(I’m up at 1:30 AM on election night scribbling this down so I can get some sleep. I promise this will be my last political post in at least a month. Sorry for the ranting. I hope I don’t regret this in the morning.)
My Elusive Quest for Wealth in America: How Obama Has Already Decreased Your Access to Healthcare
I am about to commit a big social faux pas and publically disclose my personal finances. I apologize for this in advance. It embarrasses me. But I think it is necessary in order for me illustrate how Barrack Obama’s proposed tax and “wealth sharing” program will affect not only me, but all of us.
Barrack Obama promised that if elected he would raise taxes on Americans making more than $250,000 a year. He says he plans on cutting taxes for a majority of Americans - those making less than $200,000. That sounds pretty good, right? Most of us should have more money in our pockets while the rich snobs on the hill get the fleecing they deserve. (Of course, this is all misleading, since Obama has also promised to allow almost all of Bush’s tax cuts lapse, so we are due to see to the biggest tax hike in U.S. history for everyone making over $25,000 in 2011. But that’s another story. Sorry suckers!)
Here’s where I’ll have to give specifics about my income (gulp, blush). I am a family practice physician (the proletariat of medicine) and I have been in practice for about 7 years. I went to 5 years of undergraduate college, followed by 4 years of medical school and 3 years of residency. I spent those 12 years poor, stressed out and sleep deprived and finished them over $200,000 in debt. As with most new physicians, my practice started slowly. The first day at my clinic I had exactly zero patients scheduled. But through the years my practice has grown and I usually see between 32 and 38 patients a day now. Last year my taxable income was $241,546, of which $64,769 went to taxes and over $50,000 to student loans (not tax deductible if you make more than 60K). This year I’m projected to make just over $260,000.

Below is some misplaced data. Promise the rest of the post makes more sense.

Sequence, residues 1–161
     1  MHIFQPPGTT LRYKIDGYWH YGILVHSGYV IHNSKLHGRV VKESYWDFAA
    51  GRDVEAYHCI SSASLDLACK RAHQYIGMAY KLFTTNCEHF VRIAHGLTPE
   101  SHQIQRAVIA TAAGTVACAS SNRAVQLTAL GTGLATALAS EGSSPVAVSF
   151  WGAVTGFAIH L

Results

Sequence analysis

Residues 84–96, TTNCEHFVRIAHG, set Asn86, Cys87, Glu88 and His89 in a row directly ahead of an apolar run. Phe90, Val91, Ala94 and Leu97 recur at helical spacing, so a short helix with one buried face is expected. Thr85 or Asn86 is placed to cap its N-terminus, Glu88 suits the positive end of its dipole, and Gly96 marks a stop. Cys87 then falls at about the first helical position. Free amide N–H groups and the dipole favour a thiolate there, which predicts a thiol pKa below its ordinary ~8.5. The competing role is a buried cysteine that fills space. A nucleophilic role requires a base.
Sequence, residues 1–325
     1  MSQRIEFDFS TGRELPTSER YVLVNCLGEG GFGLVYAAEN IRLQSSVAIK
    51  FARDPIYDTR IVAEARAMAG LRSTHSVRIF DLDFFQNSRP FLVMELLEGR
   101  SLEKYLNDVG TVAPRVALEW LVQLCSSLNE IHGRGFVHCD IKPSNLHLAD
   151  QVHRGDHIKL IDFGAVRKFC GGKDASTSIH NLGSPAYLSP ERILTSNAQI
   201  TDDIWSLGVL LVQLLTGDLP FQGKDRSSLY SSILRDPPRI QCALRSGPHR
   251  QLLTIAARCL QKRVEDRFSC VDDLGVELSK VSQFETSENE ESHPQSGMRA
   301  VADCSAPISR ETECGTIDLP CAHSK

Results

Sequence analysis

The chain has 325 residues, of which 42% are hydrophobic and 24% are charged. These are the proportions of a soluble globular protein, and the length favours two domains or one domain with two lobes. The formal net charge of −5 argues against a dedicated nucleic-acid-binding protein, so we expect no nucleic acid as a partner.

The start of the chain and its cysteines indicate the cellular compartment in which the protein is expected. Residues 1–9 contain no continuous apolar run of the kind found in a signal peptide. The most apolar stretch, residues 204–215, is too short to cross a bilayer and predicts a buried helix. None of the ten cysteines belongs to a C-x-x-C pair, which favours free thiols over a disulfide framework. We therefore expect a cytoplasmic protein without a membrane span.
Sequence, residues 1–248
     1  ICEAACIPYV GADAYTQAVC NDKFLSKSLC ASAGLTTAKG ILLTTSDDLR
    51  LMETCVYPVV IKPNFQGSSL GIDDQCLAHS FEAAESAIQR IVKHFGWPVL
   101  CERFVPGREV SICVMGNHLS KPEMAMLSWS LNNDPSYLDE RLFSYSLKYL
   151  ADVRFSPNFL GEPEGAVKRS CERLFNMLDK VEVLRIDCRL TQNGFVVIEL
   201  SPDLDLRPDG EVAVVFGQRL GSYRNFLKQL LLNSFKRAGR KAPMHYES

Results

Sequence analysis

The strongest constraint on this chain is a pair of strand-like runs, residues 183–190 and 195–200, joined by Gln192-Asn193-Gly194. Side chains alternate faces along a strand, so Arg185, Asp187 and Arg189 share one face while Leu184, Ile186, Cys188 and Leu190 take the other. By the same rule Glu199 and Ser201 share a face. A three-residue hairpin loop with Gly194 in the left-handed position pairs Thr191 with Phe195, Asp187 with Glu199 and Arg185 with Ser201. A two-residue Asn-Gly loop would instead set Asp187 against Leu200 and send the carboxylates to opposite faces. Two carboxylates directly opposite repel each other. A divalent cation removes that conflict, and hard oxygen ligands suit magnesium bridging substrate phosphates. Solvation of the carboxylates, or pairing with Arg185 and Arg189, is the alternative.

As you can see, I have crossed into what Obama considers the “ultra rich” category. A few weeks ago I was talking to an accountant friend about this (shout out to Aaron G. Evens). I asked his advice on how I could keep more of my money should Obama win the election. His answer was surprisingly simple - “Just work less.” So now, instead of trying to find ways to work more, be more efficient, see more patients and provide more healthcare, I am trying to find ways to work less in order to keep more. I am considering taking an extra half day off a week or just taking more vacations. This will mean my medical assistant, who is trying to support her family on about $27,000 a year, will also have fewer hours to work and will make less money. It will also mean my clinic will make less money. When my clinic makes less money we hire less support staff or sometimes we have to do lay offs.
More importantly, this will mean my patients will have a harder time getting in to see me. Currently patients can get in to see me within a week or two. That wait time for appointments will increase, probably to about a month. (My partners who see fewer patients a day are booked out 2-3 months.) I know my small practice is only a drop in the bucket of healthcare in the U.S., but I’m sure thousands of your primary care physicians are making the same calculations that I am.
There might be other ways to keep myself out of Obama’s higher tax bracket. I could give more money to my church or to other charities for the deductions. But, believe it or not, forced altruism is not as motivating to me as working for my favorite charity - myself and my family. Joe Biden has characterized people like me as “selfish” and “unpatriotic” for not wanting to pay more taxes. Evidently Ann Rand’s The Virtue of Selfishness is not required reading for U.S. senators. I had to read it in my high school English class when I was 17. I guess the last century has not taught us that government disincentives to work are very real and very poisonous to economies and cultures.
One of Obama’s campaign slogans was “Hope.” My hopes may be a bit different from his. I hope that he does not keep his idiotic pledge to raise taxes in the middle of a recession. I hope that if he does, that for the first time in recorded history he succeeds in taxing a nation into prosperity. Also, I hope that for the first time in history a government taking control of the healthcare system actually improves the quality of healthcare instead of giving citizens equally crappy care and waiting lists. I hope I’m wrong about all of this. Since America has made a clear choice for socialism, hope is all we have left.